Tuesday’s high-profile public hearing to examine the Jan. 6 attack on the Capitol exposed inconsistencies from former security officials on what occurred, a fragmented Capitol Police Board and unwillingness to call a failure a failure.
Former Capitol Police Chief Steven Sund told lawmakers Tuesday that his department received a Jan. 5 FBI intelligence report from the bureau’s Norfolk field office warning of a “war” the following day, but that a sergeant in the department’s intelligence unit who received the vital information did not elevate it to the top.
“The United States Capitol Police department did get that report. I was just advised of that in the last 24 hours,” Sund said. “That report made it from the joint terrorism task force over to our intelligence bureau, over to a sergeant there, and ceased moving forward at that point. No leadership, myself included, over at Capitol Police was made aware of that at the time of the event.”
Still, Sund defended his department.
“Contrary to what others have said, the USCP did not fail,” Sund told the joint hearing of the Senate Rules and Administration and Homeland Security and Governmental Affairs committees.
The mission of the Capitol Police is to protect the Congress. Sund, in his written testimony, used the word “successful” to describe the department on Jan. 6: “Although we were successful in accomplishing our mission on January 6, 2021, and no Members were injured and the legislative process was able to continue just a few hours later, Congress and the USCP must nevertheless look at this event and identify area for improvement and systems that broke down or failed.”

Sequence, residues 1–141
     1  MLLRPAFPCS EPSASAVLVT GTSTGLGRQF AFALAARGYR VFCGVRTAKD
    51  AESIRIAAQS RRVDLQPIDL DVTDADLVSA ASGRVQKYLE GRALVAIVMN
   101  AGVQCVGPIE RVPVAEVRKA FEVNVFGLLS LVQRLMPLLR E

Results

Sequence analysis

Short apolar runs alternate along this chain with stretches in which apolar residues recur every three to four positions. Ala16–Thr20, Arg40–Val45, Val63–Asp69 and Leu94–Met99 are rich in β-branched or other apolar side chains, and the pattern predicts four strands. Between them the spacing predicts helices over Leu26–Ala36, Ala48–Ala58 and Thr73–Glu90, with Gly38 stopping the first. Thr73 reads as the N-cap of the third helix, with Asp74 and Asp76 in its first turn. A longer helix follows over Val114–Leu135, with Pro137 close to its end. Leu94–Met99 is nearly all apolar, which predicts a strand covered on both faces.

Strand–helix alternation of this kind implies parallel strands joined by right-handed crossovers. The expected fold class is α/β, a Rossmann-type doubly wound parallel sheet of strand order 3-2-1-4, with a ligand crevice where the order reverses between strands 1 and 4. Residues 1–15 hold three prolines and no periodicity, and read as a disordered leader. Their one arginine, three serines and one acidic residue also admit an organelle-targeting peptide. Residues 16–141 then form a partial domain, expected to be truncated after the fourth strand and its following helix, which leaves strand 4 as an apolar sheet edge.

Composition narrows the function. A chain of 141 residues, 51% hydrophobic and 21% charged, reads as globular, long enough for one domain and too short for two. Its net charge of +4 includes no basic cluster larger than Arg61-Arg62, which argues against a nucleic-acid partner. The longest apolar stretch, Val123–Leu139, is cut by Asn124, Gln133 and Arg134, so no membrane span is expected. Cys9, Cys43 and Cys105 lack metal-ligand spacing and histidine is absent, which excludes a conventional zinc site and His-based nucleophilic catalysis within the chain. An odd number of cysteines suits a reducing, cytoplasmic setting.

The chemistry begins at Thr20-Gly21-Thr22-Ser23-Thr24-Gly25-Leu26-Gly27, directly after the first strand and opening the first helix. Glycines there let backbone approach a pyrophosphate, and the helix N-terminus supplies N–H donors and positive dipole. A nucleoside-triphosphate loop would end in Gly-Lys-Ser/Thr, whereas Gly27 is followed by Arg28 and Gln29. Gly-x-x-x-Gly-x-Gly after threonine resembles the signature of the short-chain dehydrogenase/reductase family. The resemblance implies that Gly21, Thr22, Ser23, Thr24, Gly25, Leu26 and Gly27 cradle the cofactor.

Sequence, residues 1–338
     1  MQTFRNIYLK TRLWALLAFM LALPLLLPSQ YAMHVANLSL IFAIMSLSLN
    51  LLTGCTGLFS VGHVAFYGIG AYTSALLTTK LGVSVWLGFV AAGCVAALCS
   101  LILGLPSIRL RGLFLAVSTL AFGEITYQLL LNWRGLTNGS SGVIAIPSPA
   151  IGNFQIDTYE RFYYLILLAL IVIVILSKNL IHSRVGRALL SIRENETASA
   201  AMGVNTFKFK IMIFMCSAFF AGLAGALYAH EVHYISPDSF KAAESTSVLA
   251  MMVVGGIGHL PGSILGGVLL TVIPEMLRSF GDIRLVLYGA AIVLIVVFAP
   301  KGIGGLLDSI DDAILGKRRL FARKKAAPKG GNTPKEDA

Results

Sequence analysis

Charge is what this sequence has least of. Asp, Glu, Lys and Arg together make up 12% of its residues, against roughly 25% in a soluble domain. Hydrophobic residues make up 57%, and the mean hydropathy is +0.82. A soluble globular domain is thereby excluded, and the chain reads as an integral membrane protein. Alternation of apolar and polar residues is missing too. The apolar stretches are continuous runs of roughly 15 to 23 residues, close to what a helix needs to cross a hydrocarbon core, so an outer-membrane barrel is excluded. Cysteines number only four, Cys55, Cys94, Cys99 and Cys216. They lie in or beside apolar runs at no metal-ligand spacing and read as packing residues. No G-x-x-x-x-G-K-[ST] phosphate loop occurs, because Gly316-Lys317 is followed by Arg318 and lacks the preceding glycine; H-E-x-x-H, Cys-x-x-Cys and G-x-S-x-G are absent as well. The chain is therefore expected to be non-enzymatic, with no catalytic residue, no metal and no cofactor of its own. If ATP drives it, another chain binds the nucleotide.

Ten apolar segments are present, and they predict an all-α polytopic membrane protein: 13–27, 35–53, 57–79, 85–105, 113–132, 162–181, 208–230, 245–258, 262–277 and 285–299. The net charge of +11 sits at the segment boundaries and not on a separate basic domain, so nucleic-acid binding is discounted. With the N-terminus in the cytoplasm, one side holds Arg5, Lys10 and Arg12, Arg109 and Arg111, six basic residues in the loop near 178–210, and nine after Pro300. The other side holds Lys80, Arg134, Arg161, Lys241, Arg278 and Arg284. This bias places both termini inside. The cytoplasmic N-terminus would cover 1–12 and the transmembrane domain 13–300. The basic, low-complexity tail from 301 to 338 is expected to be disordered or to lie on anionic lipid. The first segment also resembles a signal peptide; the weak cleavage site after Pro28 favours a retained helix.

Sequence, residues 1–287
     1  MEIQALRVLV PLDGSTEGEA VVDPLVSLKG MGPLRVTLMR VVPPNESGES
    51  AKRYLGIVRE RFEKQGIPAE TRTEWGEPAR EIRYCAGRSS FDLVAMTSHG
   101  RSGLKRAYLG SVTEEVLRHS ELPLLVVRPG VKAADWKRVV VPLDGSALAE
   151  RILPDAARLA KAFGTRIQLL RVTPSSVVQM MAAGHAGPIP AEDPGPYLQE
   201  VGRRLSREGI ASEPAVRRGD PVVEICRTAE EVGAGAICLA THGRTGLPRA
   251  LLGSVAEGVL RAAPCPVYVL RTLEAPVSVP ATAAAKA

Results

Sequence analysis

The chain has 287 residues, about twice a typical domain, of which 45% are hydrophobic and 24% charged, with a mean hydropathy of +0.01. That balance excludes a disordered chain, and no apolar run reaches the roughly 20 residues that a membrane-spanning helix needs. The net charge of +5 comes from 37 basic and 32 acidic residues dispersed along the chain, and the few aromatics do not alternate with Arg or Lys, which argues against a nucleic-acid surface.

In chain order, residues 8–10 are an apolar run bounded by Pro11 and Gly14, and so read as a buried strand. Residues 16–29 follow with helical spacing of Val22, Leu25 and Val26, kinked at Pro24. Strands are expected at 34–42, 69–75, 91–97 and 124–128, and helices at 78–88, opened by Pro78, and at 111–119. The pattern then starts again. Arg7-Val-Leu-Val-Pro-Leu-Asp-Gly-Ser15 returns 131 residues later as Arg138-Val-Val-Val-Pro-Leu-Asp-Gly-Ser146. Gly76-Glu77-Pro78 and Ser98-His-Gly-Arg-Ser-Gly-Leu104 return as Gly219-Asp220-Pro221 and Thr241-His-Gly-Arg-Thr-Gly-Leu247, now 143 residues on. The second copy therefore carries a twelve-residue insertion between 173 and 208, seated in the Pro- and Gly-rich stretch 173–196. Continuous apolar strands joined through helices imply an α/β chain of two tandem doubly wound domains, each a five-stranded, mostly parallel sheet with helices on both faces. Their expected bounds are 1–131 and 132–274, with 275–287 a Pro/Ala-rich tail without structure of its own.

Why the report did not make it to leadership is unclear. Former Senate Sergeant-at-Arms Michael Stenger and former House Sergeant-at-Arms Paul Irving also testified that they did not see the FBI intelligence report before the Jan. 6 insurrection.
Sund noted that the FBI report was “raw intelligence” and was not aligned with the other intelligence he was privy to.
“None of the other intelligence was showing that we were looking at this type of a broad insurrectionist type of event with thousands of armed, coordinated individuals,” Sund said.
Brian Sicknick, a Capitol Police officer, died from injuries he suffered defending the Capitol from the pro-Trump mob. In addition, 125 Capitol Police officers were physically assaulted and more than 70 other Capitol Police officers were injured in the violent attack.
All three of the former Capitol officials testifying — Sund, Stenger and Irving — and several senators acknowledged there was a need to review the way in which the Capitol Police Board, which governs the department, is set up. The Capitol Police Board is made up of the Architect of the Capitol and the two sergeants-at-arms. The current architect of the Capitol, Brett Blanton, was not part of Tuesday’s hearing.
There were conflicting accounts from Sund and Irving on when Sund asked for National Guard assistance on the day of the insurrection. Sund said that by 1:09 p.m. he had notified both Irving and Stenger of the department’s need for a state of emergency declaration and National Guard help. That request was not approved by the Capitol Police Board until after 2 p.m.
“Senator, from my recollection, I did not receive a request for approval for National Guard until shortly after 2 p.m.,” Irving said in response to a question from Sen. Roy Blunt, a Missouri Republican who serves as ranking member on the Rules and Administration Committee.